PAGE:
The ear is one of the five senses of the human body and as such is exposed to millions of stimuli. The environment is uncontrollable and, therefore, some of the exposures to which this organ is exposed can directly interfere with our health, with some of the damage being irreversible.
Let’s get to know the parts of this organ and how they intervene in sound perception.
How is it structured?
The ear is divided into three main parts
Outer ear: This is the part responsible for receiving sound and coincides with the outermost part formed by the pinna (1), the visible part of the ear, the ear canal (2) and the eardrum (3).
Middle ear: Located between the outer and inner ear, it is responsible for transmitting sound energy from the outer ear to the inner ear. The middle ear consists of a chain of three ossicles (4) formed by the malleus, incus and stapes. The Eustachian tube is also part of the middle ear and its protective function is responsible for controlling the pressure behind the eardrum and the middle ear, helping to prevent fluid from entering.
Inner ear: corresponds to the innermost part of the organ and its function is to transform sounds into nerve signals to be deciphered by the brain. The inner ear consists of the vestibule (6), the auditory nerve (7) and the cochlea (8).
How does sound travel?
Next, let’s look at the path that waves take from the time they are perceived to the time they are interpreted by the brain as sound.
Sound is produced when waves propagate through a medium by agitating it and causing pressure changes in the medium. The propagation medium, e.g. air, serves as a transport medium. This medium is essential for the propagation of waves, because without it there would be no sound and we would not be able to hear anything.
It is the outer ear and the pinna that is responsible for picking up the sound, acting as a receiving screen for capturing the waves. Once collected, they travel through the ear canal towards the tympanic membrane. The ear canal is responsible for conducting the sound waves and protecting the middle ear and helping to regulate the temperature of both sides of the tympanic membrane.
The waves impact on the tympanic membrane causing it to vibrate and transmit the vibrations to the middle ear. The ossicle chain is the mechanism responsible for the transmission of vibrations in the middle ear. It is the malleus, through its base attached to the tympanic membrane towards one of its axes, which comes into contact with the incus and its joint, towards the stapes. It is this last ossicle that transmits the vibrations through its plate inserted in the oval window, transmitting the vibration to the cochlea (inner ear). It is in the cochlea that the acoustic signals (mechanical waves) are converted into electrical impulses, which are then interpreted by our central nervous system. It is also at this stage that sounds are discriminated according to their frequency and coded according to their cadence for better understanding.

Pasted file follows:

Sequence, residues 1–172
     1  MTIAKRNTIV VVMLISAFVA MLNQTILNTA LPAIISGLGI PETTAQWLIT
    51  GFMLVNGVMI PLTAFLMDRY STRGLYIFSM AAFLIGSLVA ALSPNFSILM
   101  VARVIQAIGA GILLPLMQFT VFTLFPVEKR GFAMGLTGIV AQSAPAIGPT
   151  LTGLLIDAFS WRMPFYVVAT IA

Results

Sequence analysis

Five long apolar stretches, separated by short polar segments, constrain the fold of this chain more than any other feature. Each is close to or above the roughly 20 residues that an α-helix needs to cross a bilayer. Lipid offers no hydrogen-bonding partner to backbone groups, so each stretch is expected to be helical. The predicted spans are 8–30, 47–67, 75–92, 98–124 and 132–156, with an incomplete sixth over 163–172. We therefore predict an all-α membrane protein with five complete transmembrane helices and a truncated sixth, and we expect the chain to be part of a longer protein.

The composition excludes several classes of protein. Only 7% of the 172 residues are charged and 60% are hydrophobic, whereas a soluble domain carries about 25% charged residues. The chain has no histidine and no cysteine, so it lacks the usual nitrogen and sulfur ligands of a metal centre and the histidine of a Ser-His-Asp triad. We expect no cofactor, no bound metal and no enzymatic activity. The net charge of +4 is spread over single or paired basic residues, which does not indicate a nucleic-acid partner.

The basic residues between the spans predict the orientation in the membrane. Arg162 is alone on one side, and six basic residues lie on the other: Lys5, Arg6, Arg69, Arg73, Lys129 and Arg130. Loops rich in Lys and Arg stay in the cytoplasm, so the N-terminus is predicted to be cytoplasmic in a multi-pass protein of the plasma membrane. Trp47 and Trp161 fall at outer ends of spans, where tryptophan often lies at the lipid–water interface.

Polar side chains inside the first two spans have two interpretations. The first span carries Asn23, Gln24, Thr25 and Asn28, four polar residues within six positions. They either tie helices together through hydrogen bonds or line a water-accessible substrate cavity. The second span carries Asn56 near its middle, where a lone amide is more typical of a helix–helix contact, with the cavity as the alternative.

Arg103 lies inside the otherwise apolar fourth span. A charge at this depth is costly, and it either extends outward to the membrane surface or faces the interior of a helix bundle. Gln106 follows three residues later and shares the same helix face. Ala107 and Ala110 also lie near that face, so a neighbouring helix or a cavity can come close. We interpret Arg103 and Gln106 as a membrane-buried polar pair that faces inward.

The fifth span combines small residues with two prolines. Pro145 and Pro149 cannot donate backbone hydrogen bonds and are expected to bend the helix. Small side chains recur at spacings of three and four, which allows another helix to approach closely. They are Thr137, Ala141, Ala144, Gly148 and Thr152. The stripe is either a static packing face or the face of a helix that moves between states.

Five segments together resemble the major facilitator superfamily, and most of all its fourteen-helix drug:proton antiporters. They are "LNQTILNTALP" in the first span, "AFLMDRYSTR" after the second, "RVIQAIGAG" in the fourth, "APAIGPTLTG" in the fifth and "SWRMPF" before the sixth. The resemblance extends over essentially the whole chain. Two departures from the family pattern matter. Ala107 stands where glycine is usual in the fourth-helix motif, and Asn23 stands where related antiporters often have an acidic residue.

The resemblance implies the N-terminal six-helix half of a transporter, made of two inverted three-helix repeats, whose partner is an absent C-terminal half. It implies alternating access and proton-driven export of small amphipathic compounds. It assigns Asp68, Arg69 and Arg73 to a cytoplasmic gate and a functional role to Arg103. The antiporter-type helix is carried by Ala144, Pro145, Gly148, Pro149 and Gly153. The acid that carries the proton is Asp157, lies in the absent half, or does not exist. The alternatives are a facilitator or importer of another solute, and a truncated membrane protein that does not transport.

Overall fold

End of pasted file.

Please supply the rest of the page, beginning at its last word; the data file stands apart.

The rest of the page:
What happens when it does not work properly and why?
The importance of hearing care and its relation to proper functioning is given by the hair cells. Around 20,000 cells reside in the organ of Corti (cochlea) and are responsible for this mechanical transformation into an electrical impulse. These cells are particularly fragile and can be destroyed suddenly or progressively when subjected to high sound intensity. Unable to regenerate if damaged, the loss of these cells is involved in the loss of hearing health.
If the hair cells are damaged, they become inaccurate in their function, resulting in hearing difficulties. On occasions when the cells die, they lose the ability to transmit and therefore send the signals received to the brain, compromising hearing.
Hearing loss is irreversible
Good habits and the use of hearing protection are the cornerstones of hearing prevention and conservation.
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